I contacted Catherine to see if she might be available to make a map of my Father's Garden for his 70th Birthday gift. Little did I realise the Pandora's Box I was opening! I have published photographs of my Dad's garden in the past on the blog, and they make up the bulk of this post, but for those unfamiliar, it is an approximately 20 acre garden created around 1890, largely still completely intact. Most of the garden is treed (there is a large Pinetum, which has specimen trees in it, and is not a heavily cultivated style of garden), and there is a large collection of unusual Cypress, Pine, Rhododendron and Camellias.


The original Garden owners travelled extensively around the world hunting down exotic plants, bringing seeds and cuttings back from Asia, Europe, and America, as well as swapping plant seed and cuttings with other keen Garden owners at that time across Australia. Of course, if you're DIYing your garden, you don't necessarily make a map of where you're planting things - rather you most likely walk around and just set things out where you'd like them to be. For this reason there has never been a completely accurate map of the garden, and certainly no proper inventory of the trees (there are in excess of 1000 of them). The question of where to stop in terms of detail was something we had lengthy discussions about as Catherine commenced the project.



The starting point was, fortunately, an accurately surveyed map (above) with the Victorian- era circuitous paths and drives laid out on it that my Father already had. From there, satellite maps that provided further detail of canopy spread were helpful, but much of the work Catherine has done has involved mapping each garden bed, laboriously numbering each tree and larger scale understory plant, and setting them all out on her larger garden plan. My Father has spent a lot of time over the past 10 years identifying each un-labelled tree (with some help from the Adelaide and Mt Lofty Botanic Gardens, visiting Botanists and Garden History experts, and Catherine herself), and has in the process discovered plants that originate in Nepal, Mongolia, China, and very unusual Cypress not thought to be grown elsewhere in Australia. It's been quite a fascinating process.


Unfortunately, the map is not yet finished (likely early next year), so you can see it's really been quite a process.  I'm not able to post the end result in this blog post... however I thought I'd post the video Catherine has on her website showing the process of the making of one of her beautiful watercolour maps.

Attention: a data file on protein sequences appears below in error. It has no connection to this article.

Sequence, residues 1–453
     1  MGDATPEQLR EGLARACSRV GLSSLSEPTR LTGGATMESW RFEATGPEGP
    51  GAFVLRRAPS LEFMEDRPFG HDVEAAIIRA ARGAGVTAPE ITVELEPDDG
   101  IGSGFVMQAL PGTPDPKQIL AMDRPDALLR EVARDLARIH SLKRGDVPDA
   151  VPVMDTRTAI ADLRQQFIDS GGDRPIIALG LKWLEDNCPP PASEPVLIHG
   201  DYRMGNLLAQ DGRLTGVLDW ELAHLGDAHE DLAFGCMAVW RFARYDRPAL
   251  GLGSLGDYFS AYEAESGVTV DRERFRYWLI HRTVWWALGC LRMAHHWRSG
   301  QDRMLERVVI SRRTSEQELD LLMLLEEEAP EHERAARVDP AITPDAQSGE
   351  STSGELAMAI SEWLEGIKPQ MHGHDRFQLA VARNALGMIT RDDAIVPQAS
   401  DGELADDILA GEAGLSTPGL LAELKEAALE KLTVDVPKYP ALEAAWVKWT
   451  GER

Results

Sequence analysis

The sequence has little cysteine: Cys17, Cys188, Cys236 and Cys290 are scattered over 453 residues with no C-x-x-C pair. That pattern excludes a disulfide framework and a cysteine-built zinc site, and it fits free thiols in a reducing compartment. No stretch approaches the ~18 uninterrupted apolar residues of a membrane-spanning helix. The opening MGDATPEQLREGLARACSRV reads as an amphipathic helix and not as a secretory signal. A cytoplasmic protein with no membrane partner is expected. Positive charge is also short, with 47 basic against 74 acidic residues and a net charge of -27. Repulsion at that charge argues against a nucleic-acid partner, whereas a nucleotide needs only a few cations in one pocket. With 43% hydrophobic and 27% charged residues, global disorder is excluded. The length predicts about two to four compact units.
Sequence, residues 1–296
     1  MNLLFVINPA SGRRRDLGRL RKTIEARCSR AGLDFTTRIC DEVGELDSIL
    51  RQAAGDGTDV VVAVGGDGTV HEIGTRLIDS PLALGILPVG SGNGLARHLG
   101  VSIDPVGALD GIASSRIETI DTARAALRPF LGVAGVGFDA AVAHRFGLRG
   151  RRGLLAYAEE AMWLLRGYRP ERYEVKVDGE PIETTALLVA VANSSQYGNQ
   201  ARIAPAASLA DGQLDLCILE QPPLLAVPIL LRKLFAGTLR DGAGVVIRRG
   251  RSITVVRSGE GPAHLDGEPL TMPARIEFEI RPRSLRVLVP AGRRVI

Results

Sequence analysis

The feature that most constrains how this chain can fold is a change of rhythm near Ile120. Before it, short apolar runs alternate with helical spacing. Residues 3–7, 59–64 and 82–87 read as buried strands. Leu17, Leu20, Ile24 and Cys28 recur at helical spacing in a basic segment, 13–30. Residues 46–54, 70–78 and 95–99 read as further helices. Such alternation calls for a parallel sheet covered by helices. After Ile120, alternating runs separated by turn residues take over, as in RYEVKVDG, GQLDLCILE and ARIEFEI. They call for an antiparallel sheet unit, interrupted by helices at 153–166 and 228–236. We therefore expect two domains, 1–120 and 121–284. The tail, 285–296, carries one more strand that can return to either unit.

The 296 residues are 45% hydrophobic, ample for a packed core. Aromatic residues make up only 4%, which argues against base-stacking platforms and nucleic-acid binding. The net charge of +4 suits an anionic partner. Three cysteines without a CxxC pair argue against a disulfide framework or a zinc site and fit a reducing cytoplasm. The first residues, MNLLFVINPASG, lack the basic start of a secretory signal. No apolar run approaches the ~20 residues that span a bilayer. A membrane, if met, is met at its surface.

Late last year, Country Style magazine wrote an article about this particular garden, Glenmore (image below), so you can see how she not only accurately captures the plant locations and types, but also the overall feel of the garden, something that is not so easily conveyed in a modern, purely functional style of plan.

 Glenmore, via Country Style magazine

The feel of a garden is something we have discussed quite a bit about my Dad's and how to capture it on the map. The week that she spent here earlier this year mapping the garden not only gave her accurate plant locations, but also an understanding of the atmosphere of the garden, and it was interesting hearing her describe it in much the same way that everyone else does. It really gets under your skin and is a very special place, with an undertone of history, tranquility and a sort of quiet grandeur created by the towering trees. The tonal colours to be used for the map were also evident to her from her week spent in the garden - deep, lush green in all its verdant shades.

Three Copper Beech, planted to celebrate the birth of the three grand-children of the original garden owner

A garden can disappear in just a few years - something I was reflecting on when reading a book about The Lost Gardens of Helligan earlier this year. It's a special thing when a garden can last beyond the vision of the first creator. Perhaps trees are largely the key to this. They certainly outlive us, and the ones in my Father's garden provide a memorial of sorts to the people who laid out, tended and loved the garden 120 years before us. Recording a snapshot of the garden at this point for posterity seems like the perfect way to honour the special place they created and the legacy they left behind.
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Architect & Interior Designer. Mother of three. A sometimes Cook, Baker, Reader, Gardener, Fashion Lover, Renovator, Writer of random things in South Australia email me on anadelaidevilla@bigpond.com